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A MARVELLOU'S STORY. I was bred up in the dislike of the marvellous, or the stupid wonderful, as my uncle called it. I must relaté an anecdote in point. Some gentlemen were dining together, and relating their travelling adventures; one of them dealt so much in the marvellous, that it induced another to give him a lesson.

“I was once," said he, “ engaged in a skirmishing party in America ; I advanced too far, was separated from iny friends, and saw three Indians in pursuit of me: the horrors of the lomahawk in the hands of angry savages, took possession of my mind; I considered for a moment what was to be done; 2.10st of us love life, and mine was both precious and useful tɔ my family; Lwas swift of foot, and fear added to my speed. After looking back--for the country was an open one --I at length perceived that one of my enemies had outrun the others and the well-known saying of Divide and conquer,' occurring to me, I slackened my speed, and allowed him to come up; we engaged in mutual fury; I hope none here (bowing to his auditors) will doubt the result; in a few minutes he lay a corpse at my feet; in this short space of tine, the two Indians bad advanced upon me, so I took again to my heels,-not from cowardice, I can in truth declare,liut with the hope of reaching a neighboring wood, where I knew dwelt a tribe friendly to the English ; this hope, however, I was forced to give up; for, on looking back, I saw one of my pursuers far before the other. I waited for him, recovering my almost exhausted breath, and soon this Indian shared the fate of the first. I had now only one enemy to deal with ; but I felt fatigued, and being near the wood, I was more desirous to save my own life ihan to destroy another of my fellow-creatures; I plainly perceived sinoke curling up amongst the trees, I redoubled my speed, I prayed to Heaven, I felt assured my prayers would be granted-but at this moment the yell of the Indian's voice sounded in my cars-I even thought I felt his warm breath-there was no choice-I turned round Here the gentleman, who had related the wonderful stories at first, grew impatient past his endurance; he called out, “ Well, sir, and you killed him also ? "_" No sir, he killed me."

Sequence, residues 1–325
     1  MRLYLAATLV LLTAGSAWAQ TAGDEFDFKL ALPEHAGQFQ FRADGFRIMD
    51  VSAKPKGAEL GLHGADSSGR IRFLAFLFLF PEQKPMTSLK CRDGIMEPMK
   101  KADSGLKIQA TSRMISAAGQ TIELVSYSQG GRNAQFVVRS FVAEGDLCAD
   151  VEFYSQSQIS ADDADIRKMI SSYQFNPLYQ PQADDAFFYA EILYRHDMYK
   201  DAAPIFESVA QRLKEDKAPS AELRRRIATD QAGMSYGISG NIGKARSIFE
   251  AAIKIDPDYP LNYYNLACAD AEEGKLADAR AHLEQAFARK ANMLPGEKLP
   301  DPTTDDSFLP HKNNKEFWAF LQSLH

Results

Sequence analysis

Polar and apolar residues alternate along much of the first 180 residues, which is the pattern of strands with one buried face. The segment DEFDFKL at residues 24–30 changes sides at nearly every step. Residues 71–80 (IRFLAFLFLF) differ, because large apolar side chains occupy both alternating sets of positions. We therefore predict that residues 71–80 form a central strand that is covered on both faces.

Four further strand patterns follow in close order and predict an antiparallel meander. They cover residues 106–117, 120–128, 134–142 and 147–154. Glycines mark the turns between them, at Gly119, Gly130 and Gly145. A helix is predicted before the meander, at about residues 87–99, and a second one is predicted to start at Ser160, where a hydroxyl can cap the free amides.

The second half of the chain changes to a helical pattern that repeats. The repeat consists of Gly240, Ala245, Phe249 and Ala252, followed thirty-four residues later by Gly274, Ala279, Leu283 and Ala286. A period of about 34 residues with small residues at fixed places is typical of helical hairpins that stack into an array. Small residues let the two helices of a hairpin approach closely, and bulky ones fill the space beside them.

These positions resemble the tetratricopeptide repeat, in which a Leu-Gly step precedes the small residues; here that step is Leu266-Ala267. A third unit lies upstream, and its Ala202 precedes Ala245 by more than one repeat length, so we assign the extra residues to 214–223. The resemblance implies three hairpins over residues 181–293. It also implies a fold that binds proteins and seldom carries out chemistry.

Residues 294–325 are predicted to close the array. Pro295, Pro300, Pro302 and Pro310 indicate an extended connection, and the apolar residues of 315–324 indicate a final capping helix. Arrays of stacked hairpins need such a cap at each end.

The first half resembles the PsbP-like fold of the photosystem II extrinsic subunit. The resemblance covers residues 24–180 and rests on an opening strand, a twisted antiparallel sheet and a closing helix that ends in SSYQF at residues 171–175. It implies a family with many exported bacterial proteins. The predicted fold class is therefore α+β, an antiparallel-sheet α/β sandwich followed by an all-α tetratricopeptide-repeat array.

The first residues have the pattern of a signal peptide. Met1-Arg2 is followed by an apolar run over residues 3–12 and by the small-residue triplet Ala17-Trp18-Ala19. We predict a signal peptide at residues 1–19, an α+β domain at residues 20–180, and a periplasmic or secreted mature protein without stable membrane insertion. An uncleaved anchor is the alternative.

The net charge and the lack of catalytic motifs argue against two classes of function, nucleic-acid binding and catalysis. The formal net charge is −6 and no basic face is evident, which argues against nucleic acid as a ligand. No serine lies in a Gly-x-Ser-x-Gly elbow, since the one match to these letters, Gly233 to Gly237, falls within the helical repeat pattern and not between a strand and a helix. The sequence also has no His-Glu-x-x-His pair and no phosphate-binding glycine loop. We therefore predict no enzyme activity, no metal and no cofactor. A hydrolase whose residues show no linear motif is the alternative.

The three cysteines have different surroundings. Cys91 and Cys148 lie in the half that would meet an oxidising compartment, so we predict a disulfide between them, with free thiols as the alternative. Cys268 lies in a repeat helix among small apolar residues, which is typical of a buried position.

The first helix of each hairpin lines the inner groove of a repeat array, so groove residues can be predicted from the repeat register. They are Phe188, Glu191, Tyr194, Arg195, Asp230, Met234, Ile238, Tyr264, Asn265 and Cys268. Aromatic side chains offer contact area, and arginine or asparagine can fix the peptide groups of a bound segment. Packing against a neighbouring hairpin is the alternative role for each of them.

I have lived to see the day when the desert is flourishing as the rose---when the race of boatmen has become extinci, and their memories only preserved in the traditional tales of our borderers.

I have lived to see two splendid cities, one devoted to manufactures, the other to commerce, spring up, where in my boyhood, nothing appeared like civilisation but the hut of the soldier or of the seller.

I have lived to see a revolution produced by a mechanical philosophy, equal to that effected by the art of printing. It has changed the character of western commerce and almost proved that the poetical wish of “annihilating time and space," was not altogether lıyperbolical. By it New Orleans and Pittsburgh have become near peighbors.

I have lived to see the day, when a visit to New Orleans from Cincinnati, requires no more preparation than a visit to a neighboring country town. I remember when it required as much previous arrangement as a voyage to Calcutta.

I have lived to see vessels of 300 tons arriving in twelve or fifteen days from New Orleans at Cincinnati; and I calculate upon living to see them arrive in ten days.

I have lived to see vessels composing an amount of tonnage of upwards of 4,000 tons, arrive in one week at the harbor of Cincinnati.

All these things I have seen, and yet I feel myself entitled to be numbered amongst the young sons of the West.

Epithets.—The meaning of the word Wretch is one not generally understood. It was originally, and is now, in some parts of England, used as a term of the softest and fondest lenderness. This is not the only instance in which words in their present general acceptation bear a very opposite meaning to what they did in Shakspeare's time. The word Wench, formerly, was not used in that low and vulgar acceptation that it is at present. Damsel was the appellation of young ladies of quality, and Dame a title of distinction. Knato once signified a servant; and in an early translation of the New Testament, instead of “ Paul the Servant," we read " Paul the Knave of Jesus Christ," “ On the other hand, the word Companion, instead of being the honorable synonyine of Associate, occurs in the play of Othello, with the same con. temptuous meaning which we now afiix, in its abusive sense, to the word " Fellow ;" for Emilia, perceiving that soine secret villain had aspersed the character of the virtuous Desdemona, thus indignantly exclaims :